The wettest winter I can remember

After the worst winter I can recall, spring finally seems to be here.

The sun's shining, and it feels warm outside. Now we just need the grass to grow!

This is Carew, walking up on the sheep
Carew walks up quietly on her sheep.

The winter of 2012-13 hasn't been particularly cold, although the relentless easterly winds have brought unseasonably cold weather at the very time we were expecting spring, but it's been by far the wettest few months I've experienced.

Every autumn, we decide how many sheep we are going to keep through the winter on our two hectare (five acre) field. The Welsh mules are very hardy, and normally manage very well on the meagre grass that the field provides, but if it snows, we help them out with bought-in food. I decided that fifteen would be a good number. That would give plenty of sheep to train dogs with, and (I thought) unless the winter was particularly harsh, wouldn't cost us much in feed. How wrong I was!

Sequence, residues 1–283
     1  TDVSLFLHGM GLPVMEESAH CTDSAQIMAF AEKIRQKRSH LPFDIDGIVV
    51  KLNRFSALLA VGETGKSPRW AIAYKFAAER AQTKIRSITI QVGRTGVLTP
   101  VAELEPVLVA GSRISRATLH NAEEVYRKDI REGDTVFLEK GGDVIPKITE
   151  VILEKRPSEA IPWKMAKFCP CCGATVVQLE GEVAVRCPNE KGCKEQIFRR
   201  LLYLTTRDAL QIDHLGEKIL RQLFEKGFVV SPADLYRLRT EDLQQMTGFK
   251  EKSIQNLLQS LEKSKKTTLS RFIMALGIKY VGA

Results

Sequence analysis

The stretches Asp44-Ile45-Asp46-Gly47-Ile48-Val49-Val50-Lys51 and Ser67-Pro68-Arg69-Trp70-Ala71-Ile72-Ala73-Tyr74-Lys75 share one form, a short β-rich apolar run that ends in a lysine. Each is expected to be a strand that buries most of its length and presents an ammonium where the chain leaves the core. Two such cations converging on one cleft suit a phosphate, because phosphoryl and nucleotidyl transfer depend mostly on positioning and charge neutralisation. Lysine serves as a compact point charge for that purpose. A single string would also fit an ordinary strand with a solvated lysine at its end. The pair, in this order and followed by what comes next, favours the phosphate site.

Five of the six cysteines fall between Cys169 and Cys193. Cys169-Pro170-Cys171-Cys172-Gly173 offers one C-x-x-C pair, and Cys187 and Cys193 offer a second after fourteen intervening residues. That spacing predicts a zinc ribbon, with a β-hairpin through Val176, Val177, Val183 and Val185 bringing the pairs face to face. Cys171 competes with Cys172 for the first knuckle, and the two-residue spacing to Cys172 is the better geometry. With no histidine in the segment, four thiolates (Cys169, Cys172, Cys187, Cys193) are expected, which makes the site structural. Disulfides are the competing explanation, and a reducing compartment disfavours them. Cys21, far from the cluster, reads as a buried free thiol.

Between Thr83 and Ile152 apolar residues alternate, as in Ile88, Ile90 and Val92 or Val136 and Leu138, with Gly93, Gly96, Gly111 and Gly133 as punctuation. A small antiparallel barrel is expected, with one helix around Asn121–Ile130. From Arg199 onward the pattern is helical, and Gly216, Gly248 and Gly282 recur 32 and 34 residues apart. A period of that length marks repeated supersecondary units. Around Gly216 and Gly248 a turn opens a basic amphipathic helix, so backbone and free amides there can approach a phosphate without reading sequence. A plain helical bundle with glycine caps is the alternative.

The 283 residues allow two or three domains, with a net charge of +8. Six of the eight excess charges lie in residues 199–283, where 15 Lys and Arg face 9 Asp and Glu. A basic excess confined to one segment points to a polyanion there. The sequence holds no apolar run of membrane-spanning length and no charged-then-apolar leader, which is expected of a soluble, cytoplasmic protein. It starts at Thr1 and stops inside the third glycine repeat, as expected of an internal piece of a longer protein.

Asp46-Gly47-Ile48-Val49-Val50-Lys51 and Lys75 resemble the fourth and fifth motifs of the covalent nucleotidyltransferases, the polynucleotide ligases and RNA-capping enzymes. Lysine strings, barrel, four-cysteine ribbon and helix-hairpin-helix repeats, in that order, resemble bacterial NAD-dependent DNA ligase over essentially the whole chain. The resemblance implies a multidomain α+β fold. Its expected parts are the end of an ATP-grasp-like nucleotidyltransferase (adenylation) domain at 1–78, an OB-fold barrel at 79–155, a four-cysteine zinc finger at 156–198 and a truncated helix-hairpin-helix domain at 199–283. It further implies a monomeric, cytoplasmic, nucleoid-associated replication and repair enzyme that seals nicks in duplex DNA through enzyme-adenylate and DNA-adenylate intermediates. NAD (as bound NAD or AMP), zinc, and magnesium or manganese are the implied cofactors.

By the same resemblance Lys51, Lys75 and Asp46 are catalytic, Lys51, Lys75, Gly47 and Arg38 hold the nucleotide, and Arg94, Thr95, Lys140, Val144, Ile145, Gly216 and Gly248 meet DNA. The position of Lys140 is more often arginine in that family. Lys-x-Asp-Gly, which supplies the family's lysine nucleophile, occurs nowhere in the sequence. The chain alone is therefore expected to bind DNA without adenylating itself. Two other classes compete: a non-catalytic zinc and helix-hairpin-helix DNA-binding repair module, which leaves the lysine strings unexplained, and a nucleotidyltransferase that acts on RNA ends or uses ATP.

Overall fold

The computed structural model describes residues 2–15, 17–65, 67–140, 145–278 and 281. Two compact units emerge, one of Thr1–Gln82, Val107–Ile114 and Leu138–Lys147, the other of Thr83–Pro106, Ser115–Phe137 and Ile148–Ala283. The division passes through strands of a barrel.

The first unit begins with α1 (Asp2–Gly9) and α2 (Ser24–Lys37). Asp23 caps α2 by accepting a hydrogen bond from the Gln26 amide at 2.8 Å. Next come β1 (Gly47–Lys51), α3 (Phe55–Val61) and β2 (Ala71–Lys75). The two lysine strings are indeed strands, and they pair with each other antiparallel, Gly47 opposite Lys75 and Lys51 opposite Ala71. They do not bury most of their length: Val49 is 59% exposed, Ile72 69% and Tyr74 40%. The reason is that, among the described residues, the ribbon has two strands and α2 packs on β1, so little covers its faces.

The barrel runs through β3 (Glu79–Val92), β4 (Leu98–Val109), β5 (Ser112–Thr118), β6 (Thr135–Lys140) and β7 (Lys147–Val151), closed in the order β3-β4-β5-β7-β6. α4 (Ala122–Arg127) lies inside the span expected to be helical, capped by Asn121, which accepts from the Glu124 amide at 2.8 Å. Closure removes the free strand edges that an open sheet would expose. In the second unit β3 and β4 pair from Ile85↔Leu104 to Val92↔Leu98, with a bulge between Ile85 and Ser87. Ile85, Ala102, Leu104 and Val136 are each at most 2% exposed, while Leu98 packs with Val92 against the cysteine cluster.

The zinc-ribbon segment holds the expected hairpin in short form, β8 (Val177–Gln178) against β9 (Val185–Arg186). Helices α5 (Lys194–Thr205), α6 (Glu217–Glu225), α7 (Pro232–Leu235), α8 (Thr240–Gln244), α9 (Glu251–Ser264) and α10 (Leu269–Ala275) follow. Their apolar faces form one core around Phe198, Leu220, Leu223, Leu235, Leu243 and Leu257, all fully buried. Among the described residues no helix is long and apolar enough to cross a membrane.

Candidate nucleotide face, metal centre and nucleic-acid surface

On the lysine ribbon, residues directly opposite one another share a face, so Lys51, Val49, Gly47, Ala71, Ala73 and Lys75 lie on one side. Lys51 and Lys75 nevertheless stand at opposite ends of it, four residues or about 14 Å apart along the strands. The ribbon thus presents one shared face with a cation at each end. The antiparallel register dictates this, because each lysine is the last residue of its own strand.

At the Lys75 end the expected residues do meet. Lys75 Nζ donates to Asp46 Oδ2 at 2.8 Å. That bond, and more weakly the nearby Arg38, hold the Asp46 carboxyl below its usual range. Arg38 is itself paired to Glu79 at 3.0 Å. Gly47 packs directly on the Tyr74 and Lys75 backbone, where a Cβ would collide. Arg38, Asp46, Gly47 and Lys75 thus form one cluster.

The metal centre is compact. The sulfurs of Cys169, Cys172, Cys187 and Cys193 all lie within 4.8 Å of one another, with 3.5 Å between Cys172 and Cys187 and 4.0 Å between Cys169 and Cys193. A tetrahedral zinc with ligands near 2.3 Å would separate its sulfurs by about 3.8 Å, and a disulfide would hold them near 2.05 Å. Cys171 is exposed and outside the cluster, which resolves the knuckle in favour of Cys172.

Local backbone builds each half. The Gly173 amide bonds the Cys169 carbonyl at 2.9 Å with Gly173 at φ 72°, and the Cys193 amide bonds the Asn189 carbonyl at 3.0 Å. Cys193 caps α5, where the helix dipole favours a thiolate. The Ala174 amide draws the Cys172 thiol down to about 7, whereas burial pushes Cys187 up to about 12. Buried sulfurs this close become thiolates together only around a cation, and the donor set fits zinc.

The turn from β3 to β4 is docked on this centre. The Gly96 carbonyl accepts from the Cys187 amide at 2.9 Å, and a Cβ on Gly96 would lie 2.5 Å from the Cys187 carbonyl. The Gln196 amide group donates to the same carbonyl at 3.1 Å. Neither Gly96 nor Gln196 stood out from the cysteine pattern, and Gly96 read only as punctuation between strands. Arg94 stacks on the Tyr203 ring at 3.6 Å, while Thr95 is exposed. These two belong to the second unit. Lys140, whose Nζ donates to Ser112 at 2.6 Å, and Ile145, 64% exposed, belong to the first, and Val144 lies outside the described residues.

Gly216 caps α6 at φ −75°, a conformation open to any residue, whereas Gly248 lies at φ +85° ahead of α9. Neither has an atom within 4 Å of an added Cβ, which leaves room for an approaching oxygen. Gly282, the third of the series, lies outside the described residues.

sheepdog bringing about fifteen sheep towards the camera
Everything under control. Carew brings the sheep.

In reality, the ground was so wet, and the grass so short, that even the lightest use converted it into a mud bath quite early in the season. We normally run sheepdog training courses throughout the winter, but this year, we didn't run a single course from November until March.

At one stage, the field was so wet that even allowing the dogs to run on it was out of the question. We resorted to taking them into a private wood adjoining our field.

Now though, I really feel the air is warmer, and the sunshine stronger, so the grass should grow quickly, and hopefully, all will be back to normal very soon.

What with the cost of sheep feed, and the loss of revenue from sheepdog training courses and sheepdogs (the training area was so wet, we couldn't even train our own dogs) this winter has been something of a disaster for us, but at least we now have quite a few dogs that are ready to train - all I need is the time!

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